Weighing ice

When small quantities of ice are involved, measurements are usually made by volume; the weight being ascertained by filling a standard container such as a bag, bin or hopper. With block ice, delivery weights are calculated by counting the number of blocks before they are discharged through the ice- breaker.

In larger installations, ice can be weighed automatically on the supply conveyor belt by using electronic weighing devices which have an accuracy of + /-2 percent. This method can be used with a system which allows remote control of the discharge operation. It can also be integrated with an automatic accounting system which identifies individual customers and allows a self-service operation. The complete system simplifies delivery control, bookkeeping and invoicing procedures.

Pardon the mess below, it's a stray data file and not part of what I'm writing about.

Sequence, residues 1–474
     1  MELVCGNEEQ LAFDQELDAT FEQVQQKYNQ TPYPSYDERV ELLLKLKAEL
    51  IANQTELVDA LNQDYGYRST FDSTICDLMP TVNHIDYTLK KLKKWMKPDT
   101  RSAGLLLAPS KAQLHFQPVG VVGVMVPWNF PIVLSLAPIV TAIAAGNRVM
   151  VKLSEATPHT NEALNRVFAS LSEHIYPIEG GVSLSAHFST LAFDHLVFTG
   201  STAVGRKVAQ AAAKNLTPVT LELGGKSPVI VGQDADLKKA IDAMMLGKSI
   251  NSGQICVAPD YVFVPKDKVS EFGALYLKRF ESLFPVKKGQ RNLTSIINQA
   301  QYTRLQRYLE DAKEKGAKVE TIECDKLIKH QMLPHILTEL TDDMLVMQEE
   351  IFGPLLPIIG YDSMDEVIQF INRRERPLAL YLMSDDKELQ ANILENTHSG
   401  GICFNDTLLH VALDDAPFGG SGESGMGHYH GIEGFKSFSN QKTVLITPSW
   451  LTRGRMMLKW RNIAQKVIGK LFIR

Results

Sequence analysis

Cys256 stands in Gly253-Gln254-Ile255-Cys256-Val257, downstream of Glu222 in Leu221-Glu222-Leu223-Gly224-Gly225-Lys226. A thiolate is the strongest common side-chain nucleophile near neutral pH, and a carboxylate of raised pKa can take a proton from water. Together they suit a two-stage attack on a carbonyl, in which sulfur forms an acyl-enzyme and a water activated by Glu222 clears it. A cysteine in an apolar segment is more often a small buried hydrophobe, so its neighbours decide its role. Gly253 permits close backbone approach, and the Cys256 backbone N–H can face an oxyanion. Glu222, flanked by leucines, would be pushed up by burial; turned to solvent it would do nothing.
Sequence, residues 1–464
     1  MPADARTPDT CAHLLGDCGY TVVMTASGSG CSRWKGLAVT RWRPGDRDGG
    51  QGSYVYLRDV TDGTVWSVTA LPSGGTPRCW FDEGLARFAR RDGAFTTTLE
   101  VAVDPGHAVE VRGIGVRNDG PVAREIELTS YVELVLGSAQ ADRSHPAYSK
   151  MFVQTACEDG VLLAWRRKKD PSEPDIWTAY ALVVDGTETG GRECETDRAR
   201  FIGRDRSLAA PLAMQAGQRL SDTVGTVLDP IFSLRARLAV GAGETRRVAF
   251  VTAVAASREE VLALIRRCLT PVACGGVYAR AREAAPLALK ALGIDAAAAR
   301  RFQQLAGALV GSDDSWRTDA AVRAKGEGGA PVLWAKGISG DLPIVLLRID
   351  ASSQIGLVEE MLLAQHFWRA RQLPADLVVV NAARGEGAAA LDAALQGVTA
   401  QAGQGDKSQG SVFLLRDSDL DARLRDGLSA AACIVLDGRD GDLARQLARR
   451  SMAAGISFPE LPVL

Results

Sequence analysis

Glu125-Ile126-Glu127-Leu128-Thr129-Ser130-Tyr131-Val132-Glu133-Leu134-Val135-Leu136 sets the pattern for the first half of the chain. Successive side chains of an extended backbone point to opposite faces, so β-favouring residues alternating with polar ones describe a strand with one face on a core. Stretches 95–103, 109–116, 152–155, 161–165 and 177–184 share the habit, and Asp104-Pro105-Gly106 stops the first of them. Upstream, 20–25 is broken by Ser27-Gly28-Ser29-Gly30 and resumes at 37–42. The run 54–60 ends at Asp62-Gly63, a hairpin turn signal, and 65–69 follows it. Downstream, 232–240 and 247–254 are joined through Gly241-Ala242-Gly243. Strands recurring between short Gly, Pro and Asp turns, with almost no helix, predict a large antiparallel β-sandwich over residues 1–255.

Fig. 16. Large bin ice store with rake discharge system

Transport of ice

One of the main advantages of the compact modern ice plant is that it can usually be located at the place where the ice is to be used, therefore transport distances are kept to a minimum. Transport to distribution points or to the consumer is usually done in bulk and, for short journeys in temperate climates, this may be in a covered uninsulated vehicles. However, if long journeys are made, the ice should at least be covered and, in warmer climates, insulated transport or even refrigerated transport may be economical.

Ordering ice plant